Amazon introduced a slew of new products on September 6 in Santa Monica, including e-readers and tablets (ranging from $69-$499), software (X-ray and upgrades to Whispersync), upgrades to hardware (first tablets to have MIMO and Dolby Digital Plus), and new content for its video library. But the announcement wasn’t just about the specs for the new Kindle Fire or upgrades to software; it was about laying out its strategic bets to become highly disruptive.
Amazon is subsidizing hardware devices in order to sell content. But this fact only scratches the surface of CEO Jeff Bezos’s long-term strategy. While some companies focus on hardware and others on content, Amazon is focused on creating a content ecosystem built into high-performing and low-price hardware. Bezos understands that ecosystems are sticky: “we want to make money when people use our devices, not when they buy our devices.”
One of Amazon’s strongest assets is its customer-focused mindset. Bezos has been known to have meetings with one empty chair in the room. No, Clint Eastwood fans, it’s not for Obama. Bezos has an empty seat to remind everyone that the customer’s perspective should always be heard.
There are three examples from the recent announcement that exemplify this. First, Kindle Fire HD users will have the option to pay a one-time fee of $15 to remove ads from the lock screen and from the bottom of the screen in certain instances. This shows Amazon’s ability to respond to user requests after backlash about the previous-generation device.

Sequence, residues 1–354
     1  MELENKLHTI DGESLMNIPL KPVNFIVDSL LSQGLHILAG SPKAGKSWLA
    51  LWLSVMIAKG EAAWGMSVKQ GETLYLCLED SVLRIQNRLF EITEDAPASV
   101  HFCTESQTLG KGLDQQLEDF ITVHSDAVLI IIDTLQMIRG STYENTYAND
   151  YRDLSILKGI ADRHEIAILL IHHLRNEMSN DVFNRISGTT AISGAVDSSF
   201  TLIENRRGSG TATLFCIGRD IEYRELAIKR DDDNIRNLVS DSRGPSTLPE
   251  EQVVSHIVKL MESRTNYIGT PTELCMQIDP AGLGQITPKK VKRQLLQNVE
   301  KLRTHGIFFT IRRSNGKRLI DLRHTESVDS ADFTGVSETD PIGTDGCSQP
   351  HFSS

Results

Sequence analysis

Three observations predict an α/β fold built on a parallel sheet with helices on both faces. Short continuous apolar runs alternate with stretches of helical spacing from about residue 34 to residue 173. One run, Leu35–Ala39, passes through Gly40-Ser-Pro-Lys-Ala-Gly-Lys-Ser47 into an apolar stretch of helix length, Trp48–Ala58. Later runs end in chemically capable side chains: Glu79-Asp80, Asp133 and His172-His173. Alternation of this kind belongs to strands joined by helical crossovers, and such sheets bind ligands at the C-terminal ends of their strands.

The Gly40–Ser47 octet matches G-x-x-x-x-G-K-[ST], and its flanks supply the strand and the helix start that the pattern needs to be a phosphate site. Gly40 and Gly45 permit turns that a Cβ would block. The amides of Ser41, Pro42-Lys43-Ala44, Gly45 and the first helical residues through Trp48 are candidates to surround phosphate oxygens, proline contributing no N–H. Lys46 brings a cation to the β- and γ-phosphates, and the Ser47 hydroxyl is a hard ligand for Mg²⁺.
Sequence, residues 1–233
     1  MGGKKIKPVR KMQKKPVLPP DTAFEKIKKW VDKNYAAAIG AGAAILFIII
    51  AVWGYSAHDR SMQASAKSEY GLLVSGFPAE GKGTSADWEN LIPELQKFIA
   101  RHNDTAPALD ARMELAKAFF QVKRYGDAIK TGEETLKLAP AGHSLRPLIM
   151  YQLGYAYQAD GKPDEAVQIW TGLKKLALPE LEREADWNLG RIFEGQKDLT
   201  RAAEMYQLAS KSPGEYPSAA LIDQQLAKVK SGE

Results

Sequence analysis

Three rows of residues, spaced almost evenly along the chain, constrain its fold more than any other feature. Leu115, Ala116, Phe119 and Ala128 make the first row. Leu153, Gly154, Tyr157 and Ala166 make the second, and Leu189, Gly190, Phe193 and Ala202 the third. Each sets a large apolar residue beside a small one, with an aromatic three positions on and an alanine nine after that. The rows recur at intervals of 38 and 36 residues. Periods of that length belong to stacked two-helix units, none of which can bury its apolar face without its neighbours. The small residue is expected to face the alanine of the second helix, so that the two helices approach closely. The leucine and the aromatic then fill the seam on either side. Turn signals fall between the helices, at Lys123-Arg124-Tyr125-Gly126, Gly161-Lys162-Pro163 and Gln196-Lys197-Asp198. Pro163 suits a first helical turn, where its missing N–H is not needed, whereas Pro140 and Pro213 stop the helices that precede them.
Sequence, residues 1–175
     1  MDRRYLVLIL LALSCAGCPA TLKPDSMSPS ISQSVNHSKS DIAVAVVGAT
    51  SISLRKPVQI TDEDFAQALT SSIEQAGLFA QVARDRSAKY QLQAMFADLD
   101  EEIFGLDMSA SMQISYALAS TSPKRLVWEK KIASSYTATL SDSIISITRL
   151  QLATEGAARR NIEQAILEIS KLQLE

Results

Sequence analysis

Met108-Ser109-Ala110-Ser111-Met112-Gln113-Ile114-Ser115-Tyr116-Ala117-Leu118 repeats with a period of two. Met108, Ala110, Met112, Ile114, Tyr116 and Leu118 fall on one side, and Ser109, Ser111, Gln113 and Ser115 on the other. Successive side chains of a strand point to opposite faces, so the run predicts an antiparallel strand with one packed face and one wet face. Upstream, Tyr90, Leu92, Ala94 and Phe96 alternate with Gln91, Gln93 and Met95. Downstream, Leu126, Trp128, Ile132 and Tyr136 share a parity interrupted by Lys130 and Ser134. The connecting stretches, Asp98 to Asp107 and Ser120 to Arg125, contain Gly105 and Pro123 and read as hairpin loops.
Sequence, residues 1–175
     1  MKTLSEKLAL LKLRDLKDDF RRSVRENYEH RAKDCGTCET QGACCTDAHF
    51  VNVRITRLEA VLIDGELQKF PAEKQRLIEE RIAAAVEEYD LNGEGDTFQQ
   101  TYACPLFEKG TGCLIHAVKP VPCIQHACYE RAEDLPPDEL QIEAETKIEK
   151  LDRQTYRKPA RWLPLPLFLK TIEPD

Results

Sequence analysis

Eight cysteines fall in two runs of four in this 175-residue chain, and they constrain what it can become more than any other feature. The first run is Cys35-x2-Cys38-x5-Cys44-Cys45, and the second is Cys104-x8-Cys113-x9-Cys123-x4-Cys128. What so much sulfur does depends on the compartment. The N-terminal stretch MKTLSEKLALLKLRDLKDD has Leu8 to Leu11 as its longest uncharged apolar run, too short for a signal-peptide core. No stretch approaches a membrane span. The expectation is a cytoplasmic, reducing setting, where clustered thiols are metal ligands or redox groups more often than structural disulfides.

Second, the X-ray product is aimed to give users a better overall experience by (literally) tapping into their curiosity. For e-readers, it allows you to tap a word to see a Wikipedia entry and YouTube videos; for tablets, it allows you to tap on an actor during a movie and learn what other movies or TV shows that actor has been in. While this product isn’t revolutionary, users will appreciate that Amazon is focused on making their lives easier.
Third, Amazon understands that the consumer’s needs are dynamic, changing, and unique. By launching a variety of sizes, specs, and prices, Amazon is designing each product to solve a particular problem for a specific cohort of users. This customer-focused strategy is what generates loyalty from the current user base and brings in new types of users who weren’t satisfied with other products.
What does this mean for Netflix and Apple? Netflix’s stock dropped on the September 4 announcement of Amazon’s deal with EPIX, bringing top content to Amazon’s movie library. Apple is likely to announce an iPad mini this week as a response to the high-grossing sales of the Kindle Fire (priced at $199). The competition for new tablets this holiday season will be fierce. No matter what the short-term revenue trends look like, Amazon illustrates how long-term strategic thinking matched with proper execution, product interoperability, and a customer-oriented mindset can position a company well (even against the most valuable company in history).